Smoking Brisket At 200°F: Everything You Need To Know

The secret behind the taste of tender smoked brisket is simply patience, but it’s worth the wait. After that, it just requires some skill, knowledge, and a little bit of practice to master it. Brisket loves low and slow! Forget the barbecue grill and smoke it at 200 degrees for juicy, flavorful perfection.

If you’ve decided to smoke brisket at 200°F, be aware that while cooking at this temperature is possible, it demands considerable patience and an understanding of potential challenges. Therefore, before you begin, it’s necessary to learn more about the process to prevent turning a culinary challenge into a waste of both time and resources. These instructions are provided for smoking a whole 12-14 pound brisket.

Preparation for Smoking

The process of smoking the perfect brisket at 200°F begins long before the meat hits the smoker. I will try to provide you with a wide base of information that can help to set the path to smoking the amazing brisket. Once you gain the basics, then you push the process of adding your own flavors, technique, and flair. This could be enough information about Preparation for Smoking brisket and try my best for you to make better than restaurant quality brisket at your trusty smoker. 

time for brisket

How Long To Smoke A Brisket At 200 Degree F?

Before you begin preparation, it’s important to understand that using low and slow heat means the cooking process will take longer compared to other methods. For instance, if you set the oven temperature to 225 degrees F which is more than 200 degrees F, you should plan for the smoking process to take approximately 12-16 hours.

With a fixed smoke temperature, it often requires 1 to 1.5 hours per pound of meat. Therefore, for a brisket weighing 12-14 pounds, the total smoking time could range from 18 to 21 hours. Use a meat thermometer to ensure the brisket reaches the desired internal temperature, which is typically around 195-205 degrees F for optimal tenderness. Always allow the brisket to rest for at least 1 hour before slicing to let the juices redistribute.

200°F Brisket Journey:

Embarking on a 200°F brisket journey is a rewarding experience that requires patience, precision, and passion for barbecue. Here’s a comprehensive guide through the stages of the 200°F brisket recipe.

Selection of Brisket

I selected a brisket weighing 12–14 pounds but also concern the importance of opting for a brisket with good marbling and a thick fat cap. This fat will keep the meat moist throughout the long smoking process.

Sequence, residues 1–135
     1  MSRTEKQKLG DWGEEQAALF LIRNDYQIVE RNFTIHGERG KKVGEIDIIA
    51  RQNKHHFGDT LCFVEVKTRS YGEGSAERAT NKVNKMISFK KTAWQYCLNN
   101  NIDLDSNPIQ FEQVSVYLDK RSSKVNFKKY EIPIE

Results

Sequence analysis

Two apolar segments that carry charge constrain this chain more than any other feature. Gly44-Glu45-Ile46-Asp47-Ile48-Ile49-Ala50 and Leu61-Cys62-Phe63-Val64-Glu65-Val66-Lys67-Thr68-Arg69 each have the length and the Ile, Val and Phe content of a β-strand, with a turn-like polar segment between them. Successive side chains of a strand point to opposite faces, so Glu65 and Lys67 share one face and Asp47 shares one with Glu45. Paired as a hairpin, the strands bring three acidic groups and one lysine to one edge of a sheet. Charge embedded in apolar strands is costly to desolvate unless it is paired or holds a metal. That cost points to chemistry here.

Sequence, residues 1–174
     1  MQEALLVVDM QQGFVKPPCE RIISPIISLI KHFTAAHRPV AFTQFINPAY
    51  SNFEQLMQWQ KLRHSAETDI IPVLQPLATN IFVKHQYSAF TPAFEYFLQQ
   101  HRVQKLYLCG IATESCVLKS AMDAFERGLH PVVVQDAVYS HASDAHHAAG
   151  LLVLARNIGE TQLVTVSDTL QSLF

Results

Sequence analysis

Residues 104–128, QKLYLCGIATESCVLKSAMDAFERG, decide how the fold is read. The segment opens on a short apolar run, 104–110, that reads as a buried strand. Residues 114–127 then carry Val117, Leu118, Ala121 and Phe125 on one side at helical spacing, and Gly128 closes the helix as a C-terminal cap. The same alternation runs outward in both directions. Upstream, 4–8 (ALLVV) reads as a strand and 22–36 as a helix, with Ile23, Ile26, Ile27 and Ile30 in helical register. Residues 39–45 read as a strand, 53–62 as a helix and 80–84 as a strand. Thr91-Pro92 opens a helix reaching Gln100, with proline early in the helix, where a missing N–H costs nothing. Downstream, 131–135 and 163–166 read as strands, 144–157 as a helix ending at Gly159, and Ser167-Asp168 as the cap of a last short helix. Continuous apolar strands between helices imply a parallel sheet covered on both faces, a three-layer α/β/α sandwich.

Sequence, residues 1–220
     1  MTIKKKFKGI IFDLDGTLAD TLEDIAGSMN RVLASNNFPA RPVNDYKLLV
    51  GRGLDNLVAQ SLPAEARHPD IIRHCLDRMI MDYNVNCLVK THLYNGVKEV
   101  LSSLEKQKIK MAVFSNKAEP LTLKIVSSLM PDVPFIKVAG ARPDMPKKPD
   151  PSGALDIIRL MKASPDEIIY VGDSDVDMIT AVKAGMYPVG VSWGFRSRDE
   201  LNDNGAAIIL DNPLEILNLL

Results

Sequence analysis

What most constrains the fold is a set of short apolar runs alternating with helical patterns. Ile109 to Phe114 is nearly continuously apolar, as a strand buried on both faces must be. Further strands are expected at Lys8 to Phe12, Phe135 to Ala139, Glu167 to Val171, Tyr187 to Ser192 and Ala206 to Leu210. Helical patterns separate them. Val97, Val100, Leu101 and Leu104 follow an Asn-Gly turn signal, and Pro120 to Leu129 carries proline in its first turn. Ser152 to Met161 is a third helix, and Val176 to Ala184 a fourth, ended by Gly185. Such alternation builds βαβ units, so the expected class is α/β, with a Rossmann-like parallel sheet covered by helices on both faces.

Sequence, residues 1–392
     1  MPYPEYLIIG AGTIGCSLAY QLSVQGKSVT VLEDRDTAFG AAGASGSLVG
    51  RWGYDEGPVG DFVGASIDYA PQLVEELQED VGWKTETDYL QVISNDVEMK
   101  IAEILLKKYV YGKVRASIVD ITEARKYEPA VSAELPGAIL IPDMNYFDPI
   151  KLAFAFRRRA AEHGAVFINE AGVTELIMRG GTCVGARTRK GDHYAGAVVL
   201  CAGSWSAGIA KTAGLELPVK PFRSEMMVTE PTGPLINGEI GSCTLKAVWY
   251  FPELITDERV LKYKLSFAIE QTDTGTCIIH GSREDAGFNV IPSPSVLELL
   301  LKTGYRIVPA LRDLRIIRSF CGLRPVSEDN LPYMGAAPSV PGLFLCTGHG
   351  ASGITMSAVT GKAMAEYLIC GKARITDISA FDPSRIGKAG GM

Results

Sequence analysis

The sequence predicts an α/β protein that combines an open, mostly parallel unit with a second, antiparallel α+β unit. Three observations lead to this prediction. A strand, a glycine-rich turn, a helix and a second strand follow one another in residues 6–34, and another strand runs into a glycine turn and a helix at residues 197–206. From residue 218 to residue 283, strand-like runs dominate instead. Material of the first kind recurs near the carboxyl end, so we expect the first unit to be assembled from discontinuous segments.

piece of meat for brisket

Trimming the brisket is essential for achieving the right smoke flavor in your beef brisket. Use your knife skills, similar to those you apply when preparing ribs. Trim the fat cap to about ¼ inch thick and remove any silver skin or excess fat that won’t render down, as this can hinder smoke penetration. For a low and slow smoking process, trim only a small amount of fat. In contrast, for hot and fast brisket cooking, it’s recommended to remove more fat between the flat and the point because there is less time for the fat to render down.

After trimming your brisket, you’re ready to prepare it for seasoning. If this is your first slow-cooked brisket, I highly recommend keeping it as simple and classic as possible. I usually opt for a straightforward brisket rub of kosher salt and coarse ground black pepper to enhance the meat’s natural flavors. When combined with smoke, these ingredients can impart an amazing flavor and a great texture to the outside of the brisket. If you wish to add an even richer flavor profile, you might consider including spices like garlic powder, onion powder, and paprika for added complexity. Apply the rub evenly, ensuring all surfaces are covered.

The Smoking Process:

Start by preheating your smoker to a steady 200°F. Achieving and maintaining a consistent temperature is most important for the low and slow cooking process.

burning of hickory wood for smoking

Best Wood

Opt for high-quality wood chips or chunks that complement beef. Personally, I prefer cooking brisket over hickory as the main wood. However, oak and mesquite are also great options for brisket but avoid to use softwood. Hickory generally provides a long-lasting heat source. The main concern is that hickory is heavy, hard, and has a strong flavor. To balance this, I often add some fruit wood, such as pear wood. These combined flavors complement the beef without being overwhelming, and pear wood adds an amazing flavor to the brisket.

Brisket Temp smoker

Aim to maintain the smoker’s temperature around 200 degrees F, as cooking below this temperature is a slow method for brisket. Slow and low cooking gives you ample time to manage the fire, achieve the right temperature, and learn how to use the smoker effectively. Use vents, if available, to regulate airflow and control the temperature. Avoid opening the smoker frequently, as this can lead to significant temperature fluctuations, potentially extending more cooking time and affecting the meat’s tenderness.

After setting the temperature, it’s important to maintain the smoker’s moisture by using tools such as a water pan. Adding water and a bit of olive oil to the pan can help maintain moisture inside the smoker.

Smoking Brisket

Place the brisket in the smoker fat side up, facing towards the firebox. This positioning allows the thick, fatty point to absorb the brunt of the heat from the fire without drying out.

Internal Temp